An Uber and Lyft driver who live-streamed passengers in his vehicle to a channel on the video streaming website Twitch is part of a growing number of practices that challenge privacy rights in today’s surveillance society.
Since March, hundreds of St. Louis-area passengers have been streamed online without their knowledge by their driver, Jason Gargac. The live-streams are technically legal because Missouri is one of nearly 40 states where in most situations only one party to a conversation needs to consent to a recording. However, since the story was first reported by the St. Louis Post-Dispatch in late July, Uber and Lyft dropped Gargac as a driver and Twitch removed his channel.
Gargac’s actions raise legal and ethical questions about privacy in a gray area of the law. Passengers said they would not have consented to being live-streamed if they had been asked. If lawsuits are filed, courts would decide whether ride-sharing vehicles have a reasonable expectation of privacy. While in general, companies are responsible for the actions of their employees; this incident brings to the forefront the need for all organizations to have proper Cyber and Privacy Insurance to protect themselves, given that anyone with a mobile phone can live-stream, or collect audio or video recordings.
Lawsuits, regulatory investigations, and other issues can arise that threaten an organization financially and no organization is immune.
“Organizations are constantly grappling with balancing an individual’s privacy rights against the power of data collection and use of new technology,” said David Derigiotis, Certified Information Privacy Professional (CIPP), Corporate Vice President and National Professional Liability Practice Leader, Burns & Wilcox, Detroit/Farmington Hills, Mich.
“We’re a socially connected world and even if a person is operating within the parameters of the law, it doesn’t mean they are operating ethically. Lawsuits, regulatory investigations, and other issues can arise that threaten an organization financially and no organization is immune.”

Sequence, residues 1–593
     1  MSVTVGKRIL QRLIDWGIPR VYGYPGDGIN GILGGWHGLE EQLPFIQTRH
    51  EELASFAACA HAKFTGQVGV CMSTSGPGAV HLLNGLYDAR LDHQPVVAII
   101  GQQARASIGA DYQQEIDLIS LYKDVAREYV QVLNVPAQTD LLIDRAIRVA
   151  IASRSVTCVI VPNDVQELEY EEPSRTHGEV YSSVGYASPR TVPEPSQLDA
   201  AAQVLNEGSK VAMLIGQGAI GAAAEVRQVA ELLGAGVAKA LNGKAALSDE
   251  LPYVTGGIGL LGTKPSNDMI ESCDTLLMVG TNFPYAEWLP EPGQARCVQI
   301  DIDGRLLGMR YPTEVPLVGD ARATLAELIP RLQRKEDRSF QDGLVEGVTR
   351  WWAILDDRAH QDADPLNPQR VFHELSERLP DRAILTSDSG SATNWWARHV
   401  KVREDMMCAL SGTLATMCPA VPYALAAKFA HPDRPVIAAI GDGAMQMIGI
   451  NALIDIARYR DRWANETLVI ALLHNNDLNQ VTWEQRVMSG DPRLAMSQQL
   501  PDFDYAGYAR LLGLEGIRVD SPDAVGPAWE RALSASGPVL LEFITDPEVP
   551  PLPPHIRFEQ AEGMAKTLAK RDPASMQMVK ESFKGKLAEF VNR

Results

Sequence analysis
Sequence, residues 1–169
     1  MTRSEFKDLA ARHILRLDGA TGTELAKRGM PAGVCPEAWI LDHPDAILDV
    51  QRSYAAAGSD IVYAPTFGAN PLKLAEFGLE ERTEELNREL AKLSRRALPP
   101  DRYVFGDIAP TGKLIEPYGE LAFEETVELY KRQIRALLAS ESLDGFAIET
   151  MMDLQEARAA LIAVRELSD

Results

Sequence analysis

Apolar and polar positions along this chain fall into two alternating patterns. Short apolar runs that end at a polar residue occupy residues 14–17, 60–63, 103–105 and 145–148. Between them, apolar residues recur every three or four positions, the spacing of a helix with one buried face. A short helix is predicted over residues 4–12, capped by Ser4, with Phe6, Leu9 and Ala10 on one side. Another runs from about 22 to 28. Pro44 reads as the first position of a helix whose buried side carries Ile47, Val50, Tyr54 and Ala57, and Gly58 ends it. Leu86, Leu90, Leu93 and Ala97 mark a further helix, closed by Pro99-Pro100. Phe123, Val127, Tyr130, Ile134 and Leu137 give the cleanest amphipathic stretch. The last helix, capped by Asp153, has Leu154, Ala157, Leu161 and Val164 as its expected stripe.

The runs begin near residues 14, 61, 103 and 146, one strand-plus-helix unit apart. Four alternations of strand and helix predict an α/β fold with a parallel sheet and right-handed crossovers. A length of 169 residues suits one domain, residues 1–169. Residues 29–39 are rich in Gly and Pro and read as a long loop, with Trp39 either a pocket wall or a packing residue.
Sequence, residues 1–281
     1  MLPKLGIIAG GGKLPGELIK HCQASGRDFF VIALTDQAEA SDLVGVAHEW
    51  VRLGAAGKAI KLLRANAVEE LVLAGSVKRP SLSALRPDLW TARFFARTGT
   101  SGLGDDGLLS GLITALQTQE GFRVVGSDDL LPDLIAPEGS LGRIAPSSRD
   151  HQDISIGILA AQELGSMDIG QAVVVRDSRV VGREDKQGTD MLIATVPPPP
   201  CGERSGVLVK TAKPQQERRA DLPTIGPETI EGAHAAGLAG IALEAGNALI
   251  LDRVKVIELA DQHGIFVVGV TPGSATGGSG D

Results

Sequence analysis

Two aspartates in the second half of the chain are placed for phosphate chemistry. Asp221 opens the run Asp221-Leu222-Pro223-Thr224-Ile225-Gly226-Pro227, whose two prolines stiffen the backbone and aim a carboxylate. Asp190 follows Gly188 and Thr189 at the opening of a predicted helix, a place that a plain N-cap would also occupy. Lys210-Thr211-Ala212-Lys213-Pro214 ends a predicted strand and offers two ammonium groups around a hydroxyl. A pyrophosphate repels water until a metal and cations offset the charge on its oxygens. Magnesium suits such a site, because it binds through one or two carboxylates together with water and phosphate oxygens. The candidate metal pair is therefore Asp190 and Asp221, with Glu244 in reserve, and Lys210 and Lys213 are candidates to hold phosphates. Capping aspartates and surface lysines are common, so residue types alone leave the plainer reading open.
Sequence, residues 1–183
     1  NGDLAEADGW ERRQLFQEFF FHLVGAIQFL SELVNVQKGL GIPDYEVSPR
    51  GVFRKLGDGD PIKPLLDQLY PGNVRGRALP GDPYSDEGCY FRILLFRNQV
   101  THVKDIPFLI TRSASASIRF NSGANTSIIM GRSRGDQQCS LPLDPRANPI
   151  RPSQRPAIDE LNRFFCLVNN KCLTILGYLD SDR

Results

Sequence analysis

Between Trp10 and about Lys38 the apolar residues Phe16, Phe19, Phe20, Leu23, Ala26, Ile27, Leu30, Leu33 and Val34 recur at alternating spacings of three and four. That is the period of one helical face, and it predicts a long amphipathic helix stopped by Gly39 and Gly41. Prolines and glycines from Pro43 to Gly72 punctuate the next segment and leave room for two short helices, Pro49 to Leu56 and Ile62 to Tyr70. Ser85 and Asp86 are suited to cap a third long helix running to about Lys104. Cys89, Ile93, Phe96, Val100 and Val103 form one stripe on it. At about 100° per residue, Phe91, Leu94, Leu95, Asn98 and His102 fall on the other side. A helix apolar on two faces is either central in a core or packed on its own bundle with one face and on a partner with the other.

Cyber and Privacy Insurance can cover legal costs associated with privacy violations, lawsuits, business interruption, public relations, crisis management, regulatory fines and penalties and more. The average cost of a data breach in the United States has increased to $7.91 million, but you do not need to experience a major breach to accumulate expenses or negative publicity quickly due to the actions of your employees or affiliates, Derigiotis said.
The evolution of live-streaming
An ever-growing surveillance society is evident with the popularity of live-streaming. About 78 percent of online audiences watch video on Facebook Live. Video on social media produces 1,200 percent more shares than text and images combined, according to Talk Point.
Online influencer Neil Patel indicates that individuals spend three times more time watching live-streamed content than they do watching non-live videos. Twitch, the platform that Gargac used and one that is popular for gaming, brings in more than 10 million active users each day. YouTube and Periscope are two other free platforms where individuals can engage in live-streaming.
“Live PD” is a television series on the A&E network that broadcasts police patrols in real time with a slight delay. It was the most DVR’d show of 2017, according to a Vizio survey.